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Greene v. Gino Morena Enterprises, LLC

United States District Court, S.D. California

November 4, 2014

WILLIAM GREENE and DEIDRE JONES, individually, on behalf of themselves and all others similarly situated, Plaintiffs,
GINO MORENA ENTERPRISES, LLC, a California limited liability company, and DOES 1 through 100, inclusive, Defendants.


JEFFREY T. MILLER, District Judge.

This is a wage-and-hour class action law suit brought pursuant to Federal Rule of Civil Procedure ("FRCP") Rule 23, on behalf of individuals who are or were employed as nonexempt barbers, stylists and beauticians by Gino Morena Enterprises, LLC ("Defendant" or "GME"). The parties are presently before the Court on Plaintiffs' Unopposed Motion for an Order Granting Final Approval of Class Action Settlement and Entering Judgment (the "Motion"). (Dkt. 27.) Having read and considered the papers filed in connection with this matter and being fully informed, the Court hereby GRANTS the Motion for the reasons set forth below. The Court, in its discretion, finds this matter suitable for resolution without oral argument. Fed.R.Civ.P. 78(b); S.D. Cal. Civ. L.R. 7-1.d.1.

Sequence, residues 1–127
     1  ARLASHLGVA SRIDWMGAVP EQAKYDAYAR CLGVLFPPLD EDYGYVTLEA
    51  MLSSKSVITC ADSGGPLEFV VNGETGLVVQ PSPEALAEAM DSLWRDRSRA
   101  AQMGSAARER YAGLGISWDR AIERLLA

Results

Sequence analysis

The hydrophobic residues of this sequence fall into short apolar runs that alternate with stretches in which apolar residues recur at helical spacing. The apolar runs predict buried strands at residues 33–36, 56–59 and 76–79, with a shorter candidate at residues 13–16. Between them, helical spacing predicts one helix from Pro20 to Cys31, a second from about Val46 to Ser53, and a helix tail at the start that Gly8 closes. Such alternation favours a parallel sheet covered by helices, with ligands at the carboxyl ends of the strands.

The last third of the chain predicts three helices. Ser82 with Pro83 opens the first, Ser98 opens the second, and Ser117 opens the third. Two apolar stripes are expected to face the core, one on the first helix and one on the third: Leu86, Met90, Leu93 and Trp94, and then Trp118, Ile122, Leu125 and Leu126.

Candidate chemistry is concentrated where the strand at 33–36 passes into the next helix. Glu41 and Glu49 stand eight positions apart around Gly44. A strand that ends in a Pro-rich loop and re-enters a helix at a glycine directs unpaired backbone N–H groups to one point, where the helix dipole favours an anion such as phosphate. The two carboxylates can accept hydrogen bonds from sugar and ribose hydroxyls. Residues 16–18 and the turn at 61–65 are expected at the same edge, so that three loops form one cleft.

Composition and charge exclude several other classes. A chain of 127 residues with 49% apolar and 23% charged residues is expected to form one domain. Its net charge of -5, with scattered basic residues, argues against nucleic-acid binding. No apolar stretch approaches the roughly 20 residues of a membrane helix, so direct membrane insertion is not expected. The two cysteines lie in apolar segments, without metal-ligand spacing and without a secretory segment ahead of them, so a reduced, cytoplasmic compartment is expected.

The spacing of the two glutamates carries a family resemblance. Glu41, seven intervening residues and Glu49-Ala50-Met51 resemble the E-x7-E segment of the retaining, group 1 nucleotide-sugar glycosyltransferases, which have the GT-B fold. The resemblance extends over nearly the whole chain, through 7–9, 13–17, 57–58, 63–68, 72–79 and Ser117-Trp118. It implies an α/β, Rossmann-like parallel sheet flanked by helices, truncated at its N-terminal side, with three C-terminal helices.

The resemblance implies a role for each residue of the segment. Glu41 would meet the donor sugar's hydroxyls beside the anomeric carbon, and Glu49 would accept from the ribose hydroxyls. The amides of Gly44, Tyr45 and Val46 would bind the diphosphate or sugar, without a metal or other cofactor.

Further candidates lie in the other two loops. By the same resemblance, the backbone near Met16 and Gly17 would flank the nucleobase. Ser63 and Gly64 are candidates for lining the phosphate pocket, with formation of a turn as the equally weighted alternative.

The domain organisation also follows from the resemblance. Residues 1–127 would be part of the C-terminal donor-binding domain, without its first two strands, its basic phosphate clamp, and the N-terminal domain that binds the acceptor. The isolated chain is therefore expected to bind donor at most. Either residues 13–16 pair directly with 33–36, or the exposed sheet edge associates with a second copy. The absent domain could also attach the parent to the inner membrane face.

Plaintiffs William Greene and Deidre Jones ("Plaintiffs") seek final approval of a proposed Class Action Settlement on behalf of Plaintiffs and the proposed class of individuals who are/were employed by GME in California as nonexempt barbers, stylists and beauticians (the "Class") between May 1, 2009 and January 21, 2014 (the "Class Period"). This wage-and-hour putative class action was initially filed in San Diego Superior Court on May 1, 2013 (the "Action" or "Complaint"). On June 7, 2013, Defendant removed the Action to federal court based on the Federal Enclave Doctrine and subsequently answered the Complaint on June 14, 2013. The Class involves a total of 752 current and former employees of GME. On January 21, 2014, the parties participated in a full day of mediation before Judge William Pate (ret.), at the end of which the parties ultimately reached a negotiated settlement.